Democrats face a monster collision in December

Democrats are setting a huge cliff in December by setting several key deadlines for the end of the year.

The party needs to fund the government to avoid a shutdown before December 3, and it also faces another debt ceiling crisis that could hit as early as mid-December, according to an analysis published late last week.

Democrats also got more time to finish a bipartisan infrastructure bill and “Rebuild Better” legislation by passing a second, short-term interim highway financing measure that will also expire Dec. 3.

“Here we go again,” rep. Peter defazioPeter Anthony DeFazioBiden Signs Highway Financing Extension House Extends Highway Financing through Dec. 3 amid delayed design-build contracts in infrastructure vote, key to infrastructure success MORE (D-Ore.) He said about the decision to kick the can, joking that December 3 “will be a momentous day around here.”

Progressives believe the House could be ready to vote on the $ 1.75 trillion spending package, the framework of which the White House released late last week, and the infrastructure bill as soon as this week. Although the infrastructure bill was approved by the Senate in August, it has been stuck in limbo in the House for months because progressives have linked the two bills.

“I think, you know, the fact that we have the text is huge, and we are in conversation with the two senators, so I feel positive,” the Congressional Progressive Caucus said. Pramila JayapalPramila JayapalBiden sparks high-stakes dispute over spending framework Officials and lawmakers express optimism that infrastructure and voting spending are near Infrastructure setback frustrates Democrats approaching spending victory MORE (D-Wash.).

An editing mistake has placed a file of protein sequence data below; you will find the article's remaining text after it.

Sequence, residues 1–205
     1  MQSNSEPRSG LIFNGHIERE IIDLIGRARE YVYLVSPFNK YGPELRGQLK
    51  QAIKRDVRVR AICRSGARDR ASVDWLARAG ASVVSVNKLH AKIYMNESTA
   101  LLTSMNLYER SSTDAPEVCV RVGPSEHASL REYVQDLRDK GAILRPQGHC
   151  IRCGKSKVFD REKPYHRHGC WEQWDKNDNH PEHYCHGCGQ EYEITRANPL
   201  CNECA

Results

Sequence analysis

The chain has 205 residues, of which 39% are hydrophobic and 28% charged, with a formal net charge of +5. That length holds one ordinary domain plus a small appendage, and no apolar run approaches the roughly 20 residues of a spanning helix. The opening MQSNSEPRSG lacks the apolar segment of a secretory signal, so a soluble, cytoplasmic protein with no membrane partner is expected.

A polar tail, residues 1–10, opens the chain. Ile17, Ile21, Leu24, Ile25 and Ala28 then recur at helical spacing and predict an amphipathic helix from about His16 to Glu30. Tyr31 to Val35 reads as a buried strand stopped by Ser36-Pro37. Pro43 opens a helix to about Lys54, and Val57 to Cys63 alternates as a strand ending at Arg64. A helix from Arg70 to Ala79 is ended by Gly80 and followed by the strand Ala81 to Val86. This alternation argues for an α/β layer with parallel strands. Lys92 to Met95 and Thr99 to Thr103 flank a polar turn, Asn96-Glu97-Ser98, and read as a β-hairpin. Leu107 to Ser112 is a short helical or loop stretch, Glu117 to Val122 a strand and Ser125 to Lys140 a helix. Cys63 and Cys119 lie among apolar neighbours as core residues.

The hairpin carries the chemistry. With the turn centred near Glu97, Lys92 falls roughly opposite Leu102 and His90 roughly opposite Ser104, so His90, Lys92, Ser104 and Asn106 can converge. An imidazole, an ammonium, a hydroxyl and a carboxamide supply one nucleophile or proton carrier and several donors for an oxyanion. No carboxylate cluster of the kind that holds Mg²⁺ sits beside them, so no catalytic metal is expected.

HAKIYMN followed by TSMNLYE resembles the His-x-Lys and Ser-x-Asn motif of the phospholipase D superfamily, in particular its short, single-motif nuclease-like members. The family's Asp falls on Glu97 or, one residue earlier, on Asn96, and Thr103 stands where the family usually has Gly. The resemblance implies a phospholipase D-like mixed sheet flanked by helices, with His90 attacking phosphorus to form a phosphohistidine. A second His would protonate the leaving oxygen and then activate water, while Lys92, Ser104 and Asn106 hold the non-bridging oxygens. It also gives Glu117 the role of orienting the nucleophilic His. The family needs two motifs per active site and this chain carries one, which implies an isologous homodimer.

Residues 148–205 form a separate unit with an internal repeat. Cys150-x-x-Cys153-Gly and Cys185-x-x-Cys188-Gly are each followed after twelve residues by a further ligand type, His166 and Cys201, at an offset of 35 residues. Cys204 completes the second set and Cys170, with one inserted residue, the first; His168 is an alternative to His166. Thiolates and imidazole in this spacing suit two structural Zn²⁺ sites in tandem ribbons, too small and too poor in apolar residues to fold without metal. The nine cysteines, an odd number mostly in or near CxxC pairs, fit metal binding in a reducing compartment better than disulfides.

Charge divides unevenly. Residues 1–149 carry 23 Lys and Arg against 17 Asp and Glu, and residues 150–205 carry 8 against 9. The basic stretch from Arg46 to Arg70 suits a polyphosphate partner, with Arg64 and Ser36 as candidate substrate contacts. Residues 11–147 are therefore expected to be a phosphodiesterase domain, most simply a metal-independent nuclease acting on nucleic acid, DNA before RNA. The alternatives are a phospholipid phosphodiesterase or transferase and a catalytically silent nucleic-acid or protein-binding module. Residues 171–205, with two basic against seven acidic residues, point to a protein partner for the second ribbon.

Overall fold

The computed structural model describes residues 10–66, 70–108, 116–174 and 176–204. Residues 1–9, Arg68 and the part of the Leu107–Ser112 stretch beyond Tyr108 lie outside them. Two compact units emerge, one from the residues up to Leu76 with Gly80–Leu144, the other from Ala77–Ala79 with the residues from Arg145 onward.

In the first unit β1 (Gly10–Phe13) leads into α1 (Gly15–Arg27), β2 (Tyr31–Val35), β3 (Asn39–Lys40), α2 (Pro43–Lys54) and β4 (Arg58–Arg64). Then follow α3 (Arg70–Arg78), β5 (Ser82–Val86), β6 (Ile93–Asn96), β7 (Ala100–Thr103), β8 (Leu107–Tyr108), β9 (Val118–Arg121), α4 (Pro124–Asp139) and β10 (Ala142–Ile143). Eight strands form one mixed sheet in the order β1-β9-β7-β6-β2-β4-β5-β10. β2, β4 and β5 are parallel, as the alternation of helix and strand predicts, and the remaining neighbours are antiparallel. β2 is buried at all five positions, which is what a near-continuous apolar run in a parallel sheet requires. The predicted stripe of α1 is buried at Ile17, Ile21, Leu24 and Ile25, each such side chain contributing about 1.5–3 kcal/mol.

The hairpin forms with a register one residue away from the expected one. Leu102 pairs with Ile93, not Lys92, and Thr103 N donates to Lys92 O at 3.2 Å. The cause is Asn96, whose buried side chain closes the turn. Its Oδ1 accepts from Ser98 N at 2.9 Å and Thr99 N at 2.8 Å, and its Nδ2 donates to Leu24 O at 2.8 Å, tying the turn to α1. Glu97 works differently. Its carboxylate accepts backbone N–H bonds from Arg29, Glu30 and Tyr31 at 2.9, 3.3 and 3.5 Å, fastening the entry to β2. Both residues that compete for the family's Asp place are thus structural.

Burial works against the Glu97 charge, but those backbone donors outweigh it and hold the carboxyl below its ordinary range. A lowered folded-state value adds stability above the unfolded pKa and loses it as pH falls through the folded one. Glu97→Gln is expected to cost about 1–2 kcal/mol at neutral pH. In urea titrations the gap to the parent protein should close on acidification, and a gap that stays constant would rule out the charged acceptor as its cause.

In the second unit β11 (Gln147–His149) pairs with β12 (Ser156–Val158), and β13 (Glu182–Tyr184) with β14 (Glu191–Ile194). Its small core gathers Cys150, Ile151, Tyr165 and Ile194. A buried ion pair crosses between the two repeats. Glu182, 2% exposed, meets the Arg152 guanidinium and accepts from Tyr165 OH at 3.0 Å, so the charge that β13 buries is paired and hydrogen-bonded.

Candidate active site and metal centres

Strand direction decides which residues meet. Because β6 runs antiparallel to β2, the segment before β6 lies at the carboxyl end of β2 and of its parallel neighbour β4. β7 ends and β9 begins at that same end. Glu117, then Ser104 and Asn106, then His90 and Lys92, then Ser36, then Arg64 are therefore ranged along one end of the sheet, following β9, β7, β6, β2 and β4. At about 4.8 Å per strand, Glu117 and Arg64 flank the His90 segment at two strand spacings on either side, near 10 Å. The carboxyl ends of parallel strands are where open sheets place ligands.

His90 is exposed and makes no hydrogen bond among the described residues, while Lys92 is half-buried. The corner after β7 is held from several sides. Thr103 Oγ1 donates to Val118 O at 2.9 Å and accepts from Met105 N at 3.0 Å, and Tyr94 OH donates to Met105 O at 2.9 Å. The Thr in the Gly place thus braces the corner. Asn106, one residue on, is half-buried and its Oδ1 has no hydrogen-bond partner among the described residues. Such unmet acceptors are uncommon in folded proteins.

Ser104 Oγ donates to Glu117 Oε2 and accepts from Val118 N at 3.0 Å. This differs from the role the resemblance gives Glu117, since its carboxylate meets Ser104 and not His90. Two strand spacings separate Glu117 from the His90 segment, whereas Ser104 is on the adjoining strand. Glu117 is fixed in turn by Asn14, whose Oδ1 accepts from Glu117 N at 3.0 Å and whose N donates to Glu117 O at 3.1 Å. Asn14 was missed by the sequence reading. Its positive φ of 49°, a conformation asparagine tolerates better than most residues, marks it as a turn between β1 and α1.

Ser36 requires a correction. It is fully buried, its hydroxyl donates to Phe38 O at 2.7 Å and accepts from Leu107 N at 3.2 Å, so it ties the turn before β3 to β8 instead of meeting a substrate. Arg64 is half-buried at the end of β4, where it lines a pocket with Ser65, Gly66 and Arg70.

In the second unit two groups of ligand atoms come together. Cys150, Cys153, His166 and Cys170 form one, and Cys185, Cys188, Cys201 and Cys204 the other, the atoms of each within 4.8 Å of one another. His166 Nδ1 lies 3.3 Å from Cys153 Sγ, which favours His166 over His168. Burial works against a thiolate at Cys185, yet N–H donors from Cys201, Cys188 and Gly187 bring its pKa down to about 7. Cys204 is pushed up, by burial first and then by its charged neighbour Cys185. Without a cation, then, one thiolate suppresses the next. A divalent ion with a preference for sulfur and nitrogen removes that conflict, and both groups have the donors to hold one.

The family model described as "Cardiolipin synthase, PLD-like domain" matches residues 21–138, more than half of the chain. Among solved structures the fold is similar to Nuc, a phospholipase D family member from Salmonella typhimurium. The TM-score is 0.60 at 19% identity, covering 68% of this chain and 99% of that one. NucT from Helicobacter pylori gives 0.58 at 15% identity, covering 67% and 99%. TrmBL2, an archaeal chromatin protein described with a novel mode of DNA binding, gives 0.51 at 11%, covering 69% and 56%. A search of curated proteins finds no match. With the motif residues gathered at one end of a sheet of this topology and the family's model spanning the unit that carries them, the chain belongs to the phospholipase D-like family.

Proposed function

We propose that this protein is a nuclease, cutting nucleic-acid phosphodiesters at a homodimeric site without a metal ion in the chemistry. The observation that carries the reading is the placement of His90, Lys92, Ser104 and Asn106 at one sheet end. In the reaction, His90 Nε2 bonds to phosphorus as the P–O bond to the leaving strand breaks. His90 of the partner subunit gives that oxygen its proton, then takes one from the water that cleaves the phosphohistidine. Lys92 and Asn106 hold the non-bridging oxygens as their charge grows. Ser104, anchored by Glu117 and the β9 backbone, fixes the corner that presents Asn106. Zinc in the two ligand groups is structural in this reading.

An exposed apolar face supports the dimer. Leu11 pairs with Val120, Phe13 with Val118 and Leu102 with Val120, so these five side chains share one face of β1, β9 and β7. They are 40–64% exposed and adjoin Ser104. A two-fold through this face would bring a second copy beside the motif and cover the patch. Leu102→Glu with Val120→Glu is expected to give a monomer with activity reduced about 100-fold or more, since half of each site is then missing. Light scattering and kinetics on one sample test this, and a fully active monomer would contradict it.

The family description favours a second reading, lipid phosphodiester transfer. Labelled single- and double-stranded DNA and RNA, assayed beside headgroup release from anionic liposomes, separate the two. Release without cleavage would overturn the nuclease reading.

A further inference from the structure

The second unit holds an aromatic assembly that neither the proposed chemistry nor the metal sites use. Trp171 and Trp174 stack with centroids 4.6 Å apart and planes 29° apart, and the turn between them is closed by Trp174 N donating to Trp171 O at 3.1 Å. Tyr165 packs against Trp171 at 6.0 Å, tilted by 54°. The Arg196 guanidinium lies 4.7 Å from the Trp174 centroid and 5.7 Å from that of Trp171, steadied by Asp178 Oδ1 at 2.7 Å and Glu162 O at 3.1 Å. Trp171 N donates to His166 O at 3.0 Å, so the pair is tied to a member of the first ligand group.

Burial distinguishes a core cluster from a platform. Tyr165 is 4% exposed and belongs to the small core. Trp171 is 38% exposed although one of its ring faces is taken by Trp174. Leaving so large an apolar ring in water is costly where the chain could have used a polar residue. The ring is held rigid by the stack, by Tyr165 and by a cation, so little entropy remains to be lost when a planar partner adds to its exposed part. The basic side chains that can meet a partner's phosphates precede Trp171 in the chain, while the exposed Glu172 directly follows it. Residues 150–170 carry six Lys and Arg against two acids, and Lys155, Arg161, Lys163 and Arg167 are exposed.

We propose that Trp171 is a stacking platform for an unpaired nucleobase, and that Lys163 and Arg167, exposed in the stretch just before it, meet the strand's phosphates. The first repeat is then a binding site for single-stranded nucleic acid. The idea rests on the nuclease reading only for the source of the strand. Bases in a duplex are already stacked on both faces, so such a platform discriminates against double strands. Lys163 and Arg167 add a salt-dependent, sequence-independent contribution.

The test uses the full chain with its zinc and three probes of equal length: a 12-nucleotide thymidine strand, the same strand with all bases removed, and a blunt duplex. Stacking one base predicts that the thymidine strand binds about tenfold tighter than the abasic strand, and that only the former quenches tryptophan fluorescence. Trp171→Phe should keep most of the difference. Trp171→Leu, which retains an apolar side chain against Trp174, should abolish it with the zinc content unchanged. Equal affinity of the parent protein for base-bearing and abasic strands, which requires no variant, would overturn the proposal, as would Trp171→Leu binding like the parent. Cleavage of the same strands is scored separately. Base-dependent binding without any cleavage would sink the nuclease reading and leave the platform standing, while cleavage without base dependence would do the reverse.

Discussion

But the Democratic leadership has not yet indicated how it will juggle competing priorities and Congress is notoriously bad at multitasking important bills.

A series of sticking points in the $ 1.75 trillion package could make it difficult to move quickly. These troublesome issues include blocking the way the bill is paid and whether or not paid licenses and prescription drug negotiations will be added. Senate Democrats also need a decision from the MP on their latest immigration proposal.

The House Democratic leadership expects to approve both this week, although a Rules Committee meeting scheduled for Monday, which would have allowed for floor votes as early as Tuesday, has been delayed as negotiations continued through the weekend.